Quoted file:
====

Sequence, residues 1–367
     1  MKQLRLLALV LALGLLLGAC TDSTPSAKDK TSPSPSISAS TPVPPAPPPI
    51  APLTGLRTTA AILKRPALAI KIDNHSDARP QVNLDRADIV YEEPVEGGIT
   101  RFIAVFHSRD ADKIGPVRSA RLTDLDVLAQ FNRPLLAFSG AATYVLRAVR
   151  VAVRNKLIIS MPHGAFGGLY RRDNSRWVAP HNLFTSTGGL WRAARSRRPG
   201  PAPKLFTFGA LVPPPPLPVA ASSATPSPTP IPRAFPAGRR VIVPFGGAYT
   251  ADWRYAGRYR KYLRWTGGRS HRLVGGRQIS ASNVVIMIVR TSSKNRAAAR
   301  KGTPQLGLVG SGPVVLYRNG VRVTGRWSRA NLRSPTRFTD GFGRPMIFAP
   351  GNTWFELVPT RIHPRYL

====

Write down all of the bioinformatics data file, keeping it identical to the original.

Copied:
Sequence, residues 1–367
     1  MKQLRLLALV LALGLLLGAC TDSTPSAKDK TSPSPSISAS TPVPPAPPPI
    51  APLTGLRTTA AILKRPALAI KIDNHSDARP QVNLDRADIV YEEPVEGGIT
   101  RFIAVFHSRD ADKIGPVRSA RLTDLDVLAQ FNRPLLAFSG AATYVLRAVR
   151  VAVRNKLIIS MPHGAFGGLY RRDNSRWVAP HNLFTSTGGL WRAARSRRPG
   201  PAPKLFTFGA LVPPPPLPVA ASSATPSPTP IPRAFPAGRR VIVPFGGAYT
   251  ADWRYAGRYR KYLRWTGGRS HRLVGGRQIS ASNVVIMIVR TSSKNRAAAR
   301  KGTPQLGLVG SGPVVLYRNG VRVTGRWSRA NLRSPTRFTD GFGRPMIFAP
   351  GNTWFELVPT RIHPRYL